The Purushottama is not simply some abstract concept separate from the life in the world that we experience. This Divine Person is the first cause, and the sustaining cause of everything that exists. There are those who argue that everything was created from Matter, somehow coming into existence through some sort of “big bang” event. They however do not reach far enough back! Where did the “big bang” come from and how did it take place? How is the universe endowed with intelligent form and relations between all the various beings, forces and forms, so that they work together as one unified existent universal action? The Gita indicates that the Purushottama, the Divine Person is the missing answer to this question!
Sri Aurobindo takes up this question: “The Supreme has manifested the world from his spiritual essence and in his own infinite existence and manifested himself too variously in the world. All things are his powers and figures and to the powers and figures of him there is no end, because he himself is infinite.”
“This pure and equal Self does not act, but supports impartially all the action of things. And yet it is the Supreme, but as the cosmic Spirit and the Time Spirit, who wills and conducts and determines the action of the world through his multitudinous power-to-be, that power of the Spirit which we call Nature. He creates, sustains and destroys his creations. He is seated too in the heart of every living creature and from there as a secret Power in the individual, no less than from his universal presence in the cosmos, he originates by force of Nature, manifests some line of his mystery in quality of nature and in executive energy of nature, shapes each thing and being separately according to its kind and initiates and upholds all action. It is this transcendent first origination from the Supreme and this constant universal and individual manifestation of Him in things and beings which makes the complex character of the cosmos.”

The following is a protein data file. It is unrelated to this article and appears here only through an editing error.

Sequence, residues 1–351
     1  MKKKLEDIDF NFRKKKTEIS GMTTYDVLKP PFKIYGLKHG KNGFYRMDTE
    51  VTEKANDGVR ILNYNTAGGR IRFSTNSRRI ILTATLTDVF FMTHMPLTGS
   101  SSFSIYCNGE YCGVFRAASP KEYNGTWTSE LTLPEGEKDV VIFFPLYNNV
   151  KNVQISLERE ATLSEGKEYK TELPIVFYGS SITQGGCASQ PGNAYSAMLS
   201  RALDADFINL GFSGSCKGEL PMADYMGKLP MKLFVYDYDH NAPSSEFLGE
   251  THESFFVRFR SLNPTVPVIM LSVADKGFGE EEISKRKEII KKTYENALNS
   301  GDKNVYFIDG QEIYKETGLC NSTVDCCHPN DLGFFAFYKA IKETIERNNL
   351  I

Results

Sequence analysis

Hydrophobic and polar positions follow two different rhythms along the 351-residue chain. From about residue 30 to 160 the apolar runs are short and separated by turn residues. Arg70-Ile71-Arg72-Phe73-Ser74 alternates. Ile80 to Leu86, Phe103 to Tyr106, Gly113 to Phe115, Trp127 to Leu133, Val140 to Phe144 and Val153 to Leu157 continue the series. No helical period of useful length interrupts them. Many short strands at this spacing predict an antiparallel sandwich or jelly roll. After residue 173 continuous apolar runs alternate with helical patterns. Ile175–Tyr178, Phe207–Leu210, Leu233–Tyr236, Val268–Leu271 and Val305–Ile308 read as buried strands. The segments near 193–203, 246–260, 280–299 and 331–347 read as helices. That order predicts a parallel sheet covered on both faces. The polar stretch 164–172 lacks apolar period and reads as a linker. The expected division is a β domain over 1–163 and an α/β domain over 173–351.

Sri Aurobindo, Essays on the Gita, Second Series, Part II, Chapter 24, The Message of the Gita, pp. 559-560